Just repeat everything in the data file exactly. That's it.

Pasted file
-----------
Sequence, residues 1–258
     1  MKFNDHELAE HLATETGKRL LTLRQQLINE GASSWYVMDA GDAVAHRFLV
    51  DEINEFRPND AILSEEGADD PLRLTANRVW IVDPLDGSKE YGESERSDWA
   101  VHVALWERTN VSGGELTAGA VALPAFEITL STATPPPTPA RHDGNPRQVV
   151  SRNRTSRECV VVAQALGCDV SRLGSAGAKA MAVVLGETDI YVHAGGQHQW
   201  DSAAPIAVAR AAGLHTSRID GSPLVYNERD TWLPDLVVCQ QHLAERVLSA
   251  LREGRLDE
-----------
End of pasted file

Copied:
Sequence, residues 1–258
     1  MKFNDHELAE HLATETGKRL LTLRQQLINE GASSWYVMDA GDAVAHRFLV
    51  DEINEFRPND AILSEEGADD PLRLTANRVW IVDPLDGSKE YGESERSDWA
   101  VHVALWERTN VSGGELTAGA VALPAFEITL STATPPPTPA RHDGNPRQVV
   151  SRNRTSRECV VVAQALGCDV SRLGSAGAKA MAVVLGETDI YVHAGGQHQW
   201  DSAAPIAVAR AAGLHTSRID GSPLVYNERD TWLPDLVVCQ QHLAERVLSA
   251  LREGRLDE